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E.g., 07/21/2019
E.g., 07/21/2019
Your search has returned 298 images:
  • two photos of fetal lambs in artificial wombs
  • Buzz Aldrin on the moon
  • Apollo 15 lunar module
Your search has returned 166953 articles:
  • 50 years ago, lambs survived but didn’t thrive inside artificial wombs

    Watching the unborn —

    An artificial womb has been used to keep some 35 fetal lambs alive for up to 55 hours … researchers [still] have to show that a fetus can actually grow, not just survive, in their man-made womb…. Eventually, it might be possible to place extremely premature infants into such a womb … to support them until they can survive on their own. — Science News, July 5,...

    07/18/2019 - 07:00 Biomedicine, Technology
  • Feature

    Accolades, skepticism and science marked Science News’ coverage of Apollo

    To cover humankind’s first steps on the moon, Science News needed a backup plan.

    “We didn’t know what kind of pictures we’d get, when we would get them, who we would get them from,” says Kendrick Frazier, who joined Science News as a writer just two months before Apollo 11 touched down on lunar soil. So the staff took pictures of their home television screens during the July 20, 1969...

    07/16/2019 - 06:00 Planetary Science, History of Science, Science & Society
  • Feature

    Apollo astronauts left trash, mementos and experiments on the moon

    Once on the moon, Apollo astronauts had two major goals: get themselves and the moon rocks home safe.

    To make space on the cramped lunar modules for the hundreds of kilograms of moon samples, the astronauts had to go full Marie Kondo. Anything that wasn’t essential for the ride home got tossed: cameras, hammocks, boots and trash. Downsizing also meant abandoning big stuff, like moon...

    07/15/2019 - 06:06 Planetary Science, History of Science
  • Context

    Many fictional moon voyages preceded the Apollo landing

    From the beginning, the moon has been humankind’s perpetual nighttime companion.

    Accompanied by innumerable points of light, the moon’s luminous disk hovered overhead like a dim substitute for the sun, just with a shape not so constant. Rather the moon waxed and waned, diminishing to a barely discernible sliver before disappearing and then gradually restoring itself to fullness.

    It...

    07/11/2019 - 06:00 History of Science
  • Science Visualized

    See how visualizations of the moon have changed over time

    Look up at the moon and you’ll see roughly the same patterns of light and shadow that Plato saw about 2,500 years ago. But humankind’s understanding of Earth’s nearest neighbor has changed considerably since then, and so have the ways that scientists and others have visualized the moon.

    To celebrate the 50th anniversary of the Apollo 11 moon landing, here are a collection of images that...

    07/10/2019 - 06:00 Planetary Science, Science & Society, Technology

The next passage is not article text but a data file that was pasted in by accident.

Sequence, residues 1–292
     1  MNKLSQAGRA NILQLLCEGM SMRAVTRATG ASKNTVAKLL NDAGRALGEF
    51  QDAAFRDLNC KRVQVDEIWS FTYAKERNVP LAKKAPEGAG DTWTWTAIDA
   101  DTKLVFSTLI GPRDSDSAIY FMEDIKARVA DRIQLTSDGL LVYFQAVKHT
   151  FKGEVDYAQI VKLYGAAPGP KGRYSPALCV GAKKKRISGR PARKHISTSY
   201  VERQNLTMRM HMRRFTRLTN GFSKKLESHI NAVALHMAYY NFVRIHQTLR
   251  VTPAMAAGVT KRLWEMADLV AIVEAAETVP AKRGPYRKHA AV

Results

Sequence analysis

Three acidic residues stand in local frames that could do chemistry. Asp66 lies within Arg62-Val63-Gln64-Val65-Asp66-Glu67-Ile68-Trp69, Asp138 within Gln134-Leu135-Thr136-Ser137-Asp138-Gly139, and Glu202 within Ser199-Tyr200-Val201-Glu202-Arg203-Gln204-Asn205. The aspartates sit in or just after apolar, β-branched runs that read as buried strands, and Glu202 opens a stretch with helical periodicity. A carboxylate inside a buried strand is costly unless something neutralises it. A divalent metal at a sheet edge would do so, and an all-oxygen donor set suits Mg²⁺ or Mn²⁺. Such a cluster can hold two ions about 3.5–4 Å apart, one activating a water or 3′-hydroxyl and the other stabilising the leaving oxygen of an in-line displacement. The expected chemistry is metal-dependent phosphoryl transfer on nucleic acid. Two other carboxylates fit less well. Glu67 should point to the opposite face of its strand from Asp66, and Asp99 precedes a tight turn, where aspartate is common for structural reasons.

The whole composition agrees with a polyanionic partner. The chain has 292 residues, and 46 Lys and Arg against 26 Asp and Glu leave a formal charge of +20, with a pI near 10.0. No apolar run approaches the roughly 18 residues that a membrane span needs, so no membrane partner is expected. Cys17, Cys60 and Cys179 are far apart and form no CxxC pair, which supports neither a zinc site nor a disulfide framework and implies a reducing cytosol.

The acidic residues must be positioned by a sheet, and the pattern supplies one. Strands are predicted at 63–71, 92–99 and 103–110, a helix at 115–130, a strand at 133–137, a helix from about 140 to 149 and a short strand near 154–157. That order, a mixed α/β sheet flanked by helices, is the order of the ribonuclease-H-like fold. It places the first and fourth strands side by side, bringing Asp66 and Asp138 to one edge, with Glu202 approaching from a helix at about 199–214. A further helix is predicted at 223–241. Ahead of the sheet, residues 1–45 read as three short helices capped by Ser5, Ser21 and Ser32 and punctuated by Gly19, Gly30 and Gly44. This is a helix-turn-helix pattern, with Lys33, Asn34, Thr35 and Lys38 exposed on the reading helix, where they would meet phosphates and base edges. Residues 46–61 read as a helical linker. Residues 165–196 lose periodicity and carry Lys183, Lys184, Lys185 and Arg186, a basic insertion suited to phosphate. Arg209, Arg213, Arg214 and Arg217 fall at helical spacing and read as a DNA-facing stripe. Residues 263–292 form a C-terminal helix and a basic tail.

• Essay

    Ancient humans used the moon as a calendar in the sky

    The sun’s rhythm may have set the pace of each day, but when early humans needed a way to keep time beyond a single day and night, they looked to a second light in the sky. The moon was one of humankind’s first timepieces long before the first written language, before the earliest organized cities and well before structured religions. The moon’s face changes nightly and with the regularity of...

    07/09/2019 - 08:00 Anthropology, Archaeology, Planetary Science
  • Feature

    Moonlight shapes how some animals move, grow and even sing

    Crowds of people gather to watch an evening spectacle on beaches in Southern California: Twice a month, typically from March through August, the sand becomes carpeted with hundreds or thousands of California grunion. Writhing, flopping, silvery sardine look-alikes lunge as far onto shore as possible. As the female fish dig their tails into the sand and release eggs, males wrap around females...

    07/08/2019 - 06:00 Ecology, Animals, Astronomy
  • Editor's Note

    After all this time, the moon still manages to surprise us

    “Look at the moon!” How many times have I said that when it surprised me, rising huge and orange at the end of the street, scudding behind icy winter clouds or floating serenely in the evening sky? I know I’m not alone in the joy I feel each time its nocturnal show stops me in my tracks. How something so constant and predictable continues to enchant us is an enduring mystery. In the...
    07/06/2019 - 06:00 Astronomy
  • Subscribe - Summer 2019

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    07/03/2019 - 17:08
  • 50 years ago, bulletproof armor was getting light enough to wear

    Lighter bulletproof vest —

    A new, lighter bulletproof armor ... composed of boron carbide fibers ... [is] capable of stopping a .30-caliber bullet.... The armor weighs about six pounds per square foot, compared to previous boron carbide armor of seven pounds per square foot.... Until now boron carbide armor has been used mainly to protect vital helicopter parts, but the lighter...

    06/20/2019 - 07:00 Materials